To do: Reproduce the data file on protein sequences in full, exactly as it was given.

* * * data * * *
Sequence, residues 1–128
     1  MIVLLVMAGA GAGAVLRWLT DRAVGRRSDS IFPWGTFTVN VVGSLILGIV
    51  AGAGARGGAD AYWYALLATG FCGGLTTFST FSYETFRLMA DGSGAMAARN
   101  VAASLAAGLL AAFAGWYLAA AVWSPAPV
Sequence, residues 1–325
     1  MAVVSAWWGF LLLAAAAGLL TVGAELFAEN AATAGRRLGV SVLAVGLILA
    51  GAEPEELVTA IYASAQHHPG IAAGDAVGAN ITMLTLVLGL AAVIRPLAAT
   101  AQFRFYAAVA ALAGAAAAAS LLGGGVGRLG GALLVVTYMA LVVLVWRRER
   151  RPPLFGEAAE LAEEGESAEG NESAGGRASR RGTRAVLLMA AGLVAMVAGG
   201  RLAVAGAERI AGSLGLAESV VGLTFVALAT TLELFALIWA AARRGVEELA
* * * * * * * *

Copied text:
Sequence, residues 1–128
     1  MIVLLVMAGA GAGAVLRWLT DRAVGRRSDS IFPWGTFTVN VVGSLILGIV
    51  AGAGARGGAD AYWYALLATG FCGGLTTFST FSYETFRLMA DGSGAMAARN
   101  VAASLAAGLL AAFAGWYLAA AVWSPAPV
Sequence, residues 1–325
     1  MAVVSAWWGF LLLAAAAGLL TVGAELFAEN AATAGRRLGV SVLAVGLILA
    51  GAEPEELVTA IYASAQHHPG IAAGDAVGAN ITMLTLVLGL AAVIRPLAAT
   101  AQFRFYAAVA ALAGAAAAAS LLGGGVGRLG GALLVVTYMA LVVLVWRRER
   151  RPPLFGEAAE LAEEGESAEG NESAGGRASR RGTRAVLLMA AGLVAMVAGG
   201  RLAVAGAERI AGSLGLAESV VGLTFVALAT TLELFALIWA AARRGVEELA